Outside the studio, however, it was a different story. On the street, the whistles, lip smacking, and cat calls directed at me from the hard hats on their lunch breaks were a given. There, it didn’t seem to matter if I had a scrap of makeup on or my hair was a mess or I was dressed like a slob—I felt like a piece of meat, and it pissed me off. I would hiss invectives barely under my breath and wanted to take a baseball bat to their heads.
There was one exception. I was in Milan, and a bricklayer, distracted from his work and gawking at me, fell about five feet off his perch, into the street. Something about the incident was so charmingly innocent, I couldn’t help but giggle. The rest of them could go to hell.
Of course, I’d be lying if I said there weren’t some perks to such notice. You slid by the gatekeeper at the club; you got the table at the restaurant that was being held for someone else. It happened all the time. You’d walk in the door and say, “I’m really sorry, but I don’t have a reservation. We’re two, is that okay?” You’d smile big. And it was okay. The worst of the abuses was having an Air France flight wait for me on the runway. I was 18. Yes, I was a spoiled brat who loved the attention from the people I deemed acceptable—but not from the ones I didn’t. Yet as we all know, that’s not how it works.
It did dawn on me that at some point, the currency off which I was making my living would diminish. I remember sitting in a cab on Park Avenue and 57th Street at a red light. I was 30, and I thought, Oh, my God, this is all going to be over really soon. But don’t worry, because in 2000—and I was actually calculating that in the year 2000 I would be in my 40s—no matter how god-awful I look, by then they’ll have some magic elixir.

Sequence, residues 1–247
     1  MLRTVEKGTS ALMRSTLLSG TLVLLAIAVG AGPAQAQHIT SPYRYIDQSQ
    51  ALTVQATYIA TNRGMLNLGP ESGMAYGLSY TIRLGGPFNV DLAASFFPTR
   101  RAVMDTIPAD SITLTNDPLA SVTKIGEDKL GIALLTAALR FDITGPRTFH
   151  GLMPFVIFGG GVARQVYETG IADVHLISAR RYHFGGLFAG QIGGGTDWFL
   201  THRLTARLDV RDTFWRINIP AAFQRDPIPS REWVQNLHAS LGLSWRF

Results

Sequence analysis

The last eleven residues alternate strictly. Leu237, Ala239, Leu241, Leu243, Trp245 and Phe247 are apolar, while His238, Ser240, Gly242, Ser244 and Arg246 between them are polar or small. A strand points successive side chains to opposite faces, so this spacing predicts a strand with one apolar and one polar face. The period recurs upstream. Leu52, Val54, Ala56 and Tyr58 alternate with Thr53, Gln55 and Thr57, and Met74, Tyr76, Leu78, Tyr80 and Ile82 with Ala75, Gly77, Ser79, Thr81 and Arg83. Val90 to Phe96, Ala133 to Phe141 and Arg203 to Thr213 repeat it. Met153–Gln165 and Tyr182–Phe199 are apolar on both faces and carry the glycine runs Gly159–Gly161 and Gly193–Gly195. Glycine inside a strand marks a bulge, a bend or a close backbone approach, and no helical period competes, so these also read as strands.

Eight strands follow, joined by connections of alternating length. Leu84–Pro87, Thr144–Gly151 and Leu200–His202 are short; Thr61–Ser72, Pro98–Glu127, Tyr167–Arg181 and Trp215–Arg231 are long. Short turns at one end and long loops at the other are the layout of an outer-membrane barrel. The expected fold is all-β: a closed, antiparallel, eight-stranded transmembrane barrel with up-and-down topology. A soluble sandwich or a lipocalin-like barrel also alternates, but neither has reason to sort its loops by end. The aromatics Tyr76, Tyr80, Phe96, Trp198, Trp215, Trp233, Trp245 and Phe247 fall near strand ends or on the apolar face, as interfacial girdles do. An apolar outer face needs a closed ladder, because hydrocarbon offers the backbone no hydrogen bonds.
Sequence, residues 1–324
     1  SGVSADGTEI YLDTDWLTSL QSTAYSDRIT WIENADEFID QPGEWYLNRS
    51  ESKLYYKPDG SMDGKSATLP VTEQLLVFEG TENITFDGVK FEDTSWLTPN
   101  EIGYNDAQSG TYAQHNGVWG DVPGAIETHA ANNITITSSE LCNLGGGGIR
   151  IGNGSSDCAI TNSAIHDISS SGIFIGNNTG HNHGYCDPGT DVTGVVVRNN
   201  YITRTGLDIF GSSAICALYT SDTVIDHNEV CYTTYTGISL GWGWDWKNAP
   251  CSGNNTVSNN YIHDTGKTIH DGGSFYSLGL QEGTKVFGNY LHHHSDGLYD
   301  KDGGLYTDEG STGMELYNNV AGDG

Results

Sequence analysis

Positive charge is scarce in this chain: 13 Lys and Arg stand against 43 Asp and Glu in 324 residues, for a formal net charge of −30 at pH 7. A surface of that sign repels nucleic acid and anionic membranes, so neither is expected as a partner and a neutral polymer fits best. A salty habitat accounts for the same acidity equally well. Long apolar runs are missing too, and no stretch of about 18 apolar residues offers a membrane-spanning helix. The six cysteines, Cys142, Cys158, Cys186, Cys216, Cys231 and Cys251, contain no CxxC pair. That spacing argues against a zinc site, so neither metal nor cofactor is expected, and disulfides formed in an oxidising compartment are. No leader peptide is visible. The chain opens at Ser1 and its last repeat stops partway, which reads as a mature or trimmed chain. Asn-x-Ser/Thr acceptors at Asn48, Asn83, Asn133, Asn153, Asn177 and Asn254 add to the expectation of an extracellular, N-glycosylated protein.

Now it’s 2013, and there is still no such fountain of youth. When the contracts did in fact dry up, I cried and cried, because what was I going to do with my life now? I was accustomed to the routine and had finally come to appreciate a career that for so many years I had discounted as frivolous.
The modeling world places a much higher premium on youth than the real world does, and what I eventually had come to recognize as the everyday equivalent of those contracts—the double takes and whistles on the streets—didn’t start to disappear until I was in my late 40s. Ironically, what had once bothered me so much now provided a peculiar sort of comfort. As my friend Kirat Bhinder Young, once a runway model and muse to Yves Saint Laurent, puts it, “It happens gradually, so one has time for a soft landing.”